Below are extreme enlargements from the Canon set-up and from the Series 1 mirror lens. You are looking at the satellite dish to the left of the four smoke stacks on the center building. These enlargements are at “actual pixels” magnification in PhotoShop. In other words, the largest they can be made before pixelation sets in.
The scans were all done with an Imacon FlexTight Photo scanner at 3,200 DPI. The film used was Fuji’s new Provia F 100, the finest grained, sharpest colour film currently made. Of course a heavy tripod, mirror lock-up and cable release were used.
The Canon frame is on the left and the Series 1 frame on the right.
As can be seen there is a marked colour rendition difference between them, with the Vivitar being significantly warmer in tonality. Also, even though both the Canon zoom with 2X extender and the Series 1 mirror lens are ostensibly both 800mm in focal length it appears that the Vivitar frame has quite a bit more magnification.
You probably thought, as I did, that this venerable lens‚ the solid CAT‚ would trounce the combination of a zoom and tele-extender. Wrong, unfortunately. It appears that a modern lens system, even when used at its most extreme is still superior to the best mirror lens that could be designed 20 years ago. This is clearly visible in the superior resolution of the slats in the building’s ventilation system.
So my idea of using the CAT for wildlife has been shelved. In any event, either combination is very difficult to use since vibration at this magnification is extremely difficult to contain. Also, both systems are slow‚ f/11. And, for best results the Canon combination should be stopped down at least 2 stops, which yields a working aperture of f/22. Not exactly convenient.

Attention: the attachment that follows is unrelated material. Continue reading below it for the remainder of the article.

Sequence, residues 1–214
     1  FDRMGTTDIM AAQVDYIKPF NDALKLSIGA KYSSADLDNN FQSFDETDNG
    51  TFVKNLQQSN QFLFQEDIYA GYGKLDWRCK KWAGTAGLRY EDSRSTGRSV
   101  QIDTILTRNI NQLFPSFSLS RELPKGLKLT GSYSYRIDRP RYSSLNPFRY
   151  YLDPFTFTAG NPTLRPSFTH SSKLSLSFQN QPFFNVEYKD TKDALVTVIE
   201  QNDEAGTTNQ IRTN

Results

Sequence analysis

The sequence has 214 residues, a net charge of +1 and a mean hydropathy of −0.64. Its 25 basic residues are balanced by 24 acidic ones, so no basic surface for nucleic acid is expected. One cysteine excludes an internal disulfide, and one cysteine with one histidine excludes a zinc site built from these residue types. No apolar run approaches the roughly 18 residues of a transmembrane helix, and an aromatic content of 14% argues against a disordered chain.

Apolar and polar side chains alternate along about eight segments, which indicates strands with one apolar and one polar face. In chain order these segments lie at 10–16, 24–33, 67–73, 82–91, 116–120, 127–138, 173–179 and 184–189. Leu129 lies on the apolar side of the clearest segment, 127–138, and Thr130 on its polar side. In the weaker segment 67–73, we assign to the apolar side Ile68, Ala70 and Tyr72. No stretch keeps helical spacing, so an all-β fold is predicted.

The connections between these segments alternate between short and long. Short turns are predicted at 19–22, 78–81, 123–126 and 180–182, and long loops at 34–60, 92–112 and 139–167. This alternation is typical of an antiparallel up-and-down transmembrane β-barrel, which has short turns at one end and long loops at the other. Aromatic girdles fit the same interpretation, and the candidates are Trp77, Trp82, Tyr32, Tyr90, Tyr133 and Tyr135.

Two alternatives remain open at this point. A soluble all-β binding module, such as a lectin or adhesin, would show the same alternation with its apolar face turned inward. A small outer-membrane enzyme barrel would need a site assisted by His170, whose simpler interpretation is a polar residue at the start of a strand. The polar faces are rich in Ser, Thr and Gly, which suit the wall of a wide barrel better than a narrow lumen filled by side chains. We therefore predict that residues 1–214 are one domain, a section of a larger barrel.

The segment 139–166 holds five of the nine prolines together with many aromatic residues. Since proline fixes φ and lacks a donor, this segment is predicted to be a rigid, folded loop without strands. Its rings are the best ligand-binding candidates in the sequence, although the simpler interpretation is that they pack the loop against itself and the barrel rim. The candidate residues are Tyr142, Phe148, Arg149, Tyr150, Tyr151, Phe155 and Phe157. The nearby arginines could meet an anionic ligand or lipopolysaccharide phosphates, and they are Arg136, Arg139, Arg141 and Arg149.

So the Vivitar CAT goes on the shelf. I’m not sorry that I bought it since it had figured so prominently in my dreams and aspirations some 20 years ago. I wish it had worked out though as a practical tool rather than just a historical footnote.
At the risk of being unoriginal, if you need a really long lens for the type of photography that you do then don’t settle for yesterday’s solution or today’s kludge. A current generation 300 – 600mm lens of moderate to high speed is the solution. Top lens makers have them at usually quite high prices and for Canon owners the new long focal length Image Stabilized lenses are unsurpassed, in quality as well as price. With lenses, as with almost everything else in life, you get what you pay for.
Update: Spring 2000
In early 2000 I bought one of the new Canon super-telephoto lenses, the 300mm f/2.8 IS. Remarkably, when used with a Canon 2X extender this lens still provides remarkable resolution and quality. While not of 800mm focal length, as discussed above, this combination creates a 600mm f/5.6 lens‚ quite fast and offering excellent reach and quality.
For anyone interested in the more interesting lenses of yesterday I can recommend the classic third party lenses web site. Lots of fond memories here for those who’ve been involved in photography for a while.